BUT, some good news, my companion and I passed out ANOTHER Book of Mormon!! This makes a total of 3. We're getting up there :')

Since the weather in Hanoi right now has cooled down a lot, going contacting has been SUCH a struggle. There is less and less people outside because everyone thinks it's freezing, which forces us to contact inside stores and malls - which is a problem because if you talk to too many people, the employees will start to get suspicious. This week, we had the opportunity to go contacting outside at a park! That day was a bit warmer than normal, so people had come back out to exercise and what not (in the future I will send home a video of Vietnamese "exercise". It's hilarious). As we were walking, we started talking to three older women. While we were talking to them, one named Bac Thao started measuring my wrist size with her fingers because she couldn't get over how tall I was. It cracks me up with how obsessed people are here with my appearance!

This weeks quote comes from one of the other older women that we talked to: "Khi cháu sẵn sàng lấy chồng, báo cho Bác và Bác sẽ giới thiệu." (translation - "when you're ready to get married, let me know and I'll introduce you to someone). At least now I know that if things don't work out for me in the States, I can always return to Vietnam and get an arranged marriage.

My final news of the week....


To renew my Visa. Unfortunately I'll just be getting bussed to the border and then back, so I won't be able to see Sister Snooks or Chi Cheney. But it'll still be cool to go to a different country.

Monday, January 2, 2017

Chúc Mừng Năm Mới!!

It's officially 2017! Which means the year that I come home.. Also the year that I turn 20.. I don't know which one is weirder.

I'd like to start off by apologizing. There are going to be so many pictures today. I'm so sorry. But we just happened to have the coolest P-day ever last Monday (Ninh Binh), plus all the Christmas activities - hence 100s of pictures coming your way.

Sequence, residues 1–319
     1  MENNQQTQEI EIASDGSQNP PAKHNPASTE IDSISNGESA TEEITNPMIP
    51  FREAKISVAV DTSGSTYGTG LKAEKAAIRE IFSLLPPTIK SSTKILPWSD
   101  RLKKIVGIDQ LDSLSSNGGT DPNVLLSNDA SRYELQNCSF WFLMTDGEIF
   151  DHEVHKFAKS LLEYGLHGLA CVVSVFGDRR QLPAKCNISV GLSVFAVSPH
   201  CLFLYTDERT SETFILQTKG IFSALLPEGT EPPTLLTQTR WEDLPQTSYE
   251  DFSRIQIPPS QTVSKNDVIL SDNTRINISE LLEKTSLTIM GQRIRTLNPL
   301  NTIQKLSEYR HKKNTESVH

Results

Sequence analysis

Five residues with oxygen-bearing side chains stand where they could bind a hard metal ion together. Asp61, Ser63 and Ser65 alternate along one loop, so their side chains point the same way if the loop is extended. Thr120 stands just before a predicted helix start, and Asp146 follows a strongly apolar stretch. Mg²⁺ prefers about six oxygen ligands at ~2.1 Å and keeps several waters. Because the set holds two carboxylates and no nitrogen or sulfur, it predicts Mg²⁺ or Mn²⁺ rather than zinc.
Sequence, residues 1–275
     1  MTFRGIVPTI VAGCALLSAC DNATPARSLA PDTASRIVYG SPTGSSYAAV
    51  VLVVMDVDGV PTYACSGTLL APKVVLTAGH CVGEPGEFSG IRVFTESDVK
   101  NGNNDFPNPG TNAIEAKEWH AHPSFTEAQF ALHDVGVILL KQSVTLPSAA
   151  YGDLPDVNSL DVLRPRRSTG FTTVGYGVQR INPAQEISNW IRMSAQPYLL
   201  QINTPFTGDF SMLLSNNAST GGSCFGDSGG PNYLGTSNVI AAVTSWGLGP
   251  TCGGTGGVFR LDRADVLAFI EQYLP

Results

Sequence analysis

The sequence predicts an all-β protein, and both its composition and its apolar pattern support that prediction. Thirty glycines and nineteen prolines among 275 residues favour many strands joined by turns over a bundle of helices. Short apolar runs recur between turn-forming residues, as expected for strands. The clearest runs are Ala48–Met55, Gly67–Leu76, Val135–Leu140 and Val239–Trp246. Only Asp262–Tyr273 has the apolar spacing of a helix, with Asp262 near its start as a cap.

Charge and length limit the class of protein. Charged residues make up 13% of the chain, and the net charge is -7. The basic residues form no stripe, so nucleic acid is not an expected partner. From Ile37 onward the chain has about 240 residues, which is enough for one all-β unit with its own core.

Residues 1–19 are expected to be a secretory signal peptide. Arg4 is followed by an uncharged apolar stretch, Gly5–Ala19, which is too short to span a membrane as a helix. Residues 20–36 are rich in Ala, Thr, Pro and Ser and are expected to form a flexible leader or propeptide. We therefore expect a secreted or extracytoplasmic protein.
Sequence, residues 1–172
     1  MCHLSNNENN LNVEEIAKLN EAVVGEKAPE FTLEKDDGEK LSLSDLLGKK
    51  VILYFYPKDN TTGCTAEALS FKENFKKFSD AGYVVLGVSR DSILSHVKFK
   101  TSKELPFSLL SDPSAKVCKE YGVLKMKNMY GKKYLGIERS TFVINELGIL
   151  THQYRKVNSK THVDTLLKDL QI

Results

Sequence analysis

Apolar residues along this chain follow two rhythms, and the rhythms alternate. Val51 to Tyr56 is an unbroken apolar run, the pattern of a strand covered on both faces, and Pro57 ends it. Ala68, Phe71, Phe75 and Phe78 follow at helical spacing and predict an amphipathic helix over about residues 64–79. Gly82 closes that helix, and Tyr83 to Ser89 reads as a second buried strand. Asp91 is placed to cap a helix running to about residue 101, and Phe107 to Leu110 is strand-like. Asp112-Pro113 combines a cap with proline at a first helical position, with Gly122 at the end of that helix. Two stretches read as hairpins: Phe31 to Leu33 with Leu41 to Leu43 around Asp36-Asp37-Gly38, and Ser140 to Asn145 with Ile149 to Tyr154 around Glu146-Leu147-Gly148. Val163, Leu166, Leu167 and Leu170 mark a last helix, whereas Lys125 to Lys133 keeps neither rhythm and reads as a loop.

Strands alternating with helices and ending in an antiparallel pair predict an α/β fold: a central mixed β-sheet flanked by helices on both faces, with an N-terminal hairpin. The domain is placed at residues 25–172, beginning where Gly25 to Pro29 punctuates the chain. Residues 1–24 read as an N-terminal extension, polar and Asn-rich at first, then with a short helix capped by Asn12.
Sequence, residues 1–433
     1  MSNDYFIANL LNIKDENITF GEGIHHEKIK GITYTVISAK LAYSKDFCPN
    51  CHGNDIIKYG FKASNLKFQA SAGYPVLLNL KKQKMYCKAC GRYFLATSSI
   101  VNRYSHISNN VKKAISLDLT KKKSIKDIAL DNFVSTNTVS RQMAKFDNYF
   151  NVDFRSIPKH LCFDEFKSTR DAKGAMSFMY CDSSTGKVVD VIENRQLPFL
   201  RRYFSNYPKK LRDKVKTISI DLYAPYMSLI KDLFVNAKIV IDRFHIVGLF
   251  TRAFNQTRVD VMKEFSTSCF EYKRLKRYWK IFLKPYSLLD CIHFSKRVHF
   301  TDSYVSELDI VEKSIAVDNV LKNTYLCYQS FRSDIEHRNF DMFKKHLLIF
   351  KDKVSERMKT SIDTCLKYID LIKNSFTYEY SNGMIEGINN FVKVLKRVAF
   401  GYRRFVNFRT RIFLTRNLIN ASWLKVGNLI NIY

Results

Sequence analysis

The other day, Chi Man Nghi and I were out contacting when I spotted a Starbucks on the corner of a street. It was almost lunch time so 1) I was hungry 2) I haven't had Starbucks in like 8 months and 3) it was cold outside, so I asked her if we could stop by and get hot chocolate. She knows how I feel about chocolate, so she agreed. Long story short, we ran into two dads and had a good conversation with them about missionary work and the church! It was awesome! The lesson that we can all take away from this experience is this: Never shy away from your chocolate cravings. It will always lead to good opportunities to share the gospel.

We got a fresh batch of elders on Thursday! And, the best part, 3 of them are 100% American with absolutely no tie to Vietnam! Elder Player, Anh Ca Cong, is in our zone here in Hanoi - the others went down to Saigon. It's so funny to see this tall, 18 year old American walking around among all the Vietnamese people. It's awesome.

And, the last exciting thing of the week - I KNOCKED ON MY FIRST DOOR. We aren't allowed to go tracting here, which is when you go around knocking doors. We normally just go contacting at stores or parks. But, the Thursday before Christmas, we made some toffee to pass around to all of our neighbors that live on our floor. We got to go around, knock on their doors, introduce ourselves and invite them to church! It was SO MUCH FUN. A little bummed we don't have permission to do that everyday.

If there was one quote to summarize the past two weeks (because I didn't email last Monday), it would be this: "Chị là người nữ, và em ấy còn trẻ, thì không sau, an toàn mà." (translation: I'm a woman, and he's still young. It's fine, totally safe.) This was told to us by a PI we met the other day. We stopped by her house again to give her a Book of Mormon, and afterwards she told us that if we were ever too tired from our work, we would just crash and go to bed at her house. So so so nice, but breaks about 100 missionary rules. I just love how kind Vietnamese people are.

I hope everyone had a great Christmas and a happy New Year!! I got to Skype my family Christmas night, LOVED IT (even though they were half asleep because it was 7:30 in the morning, I know, SO EARLY). Thanks for all the emails and pictures! Have a great week!

Heaven is Pho Real.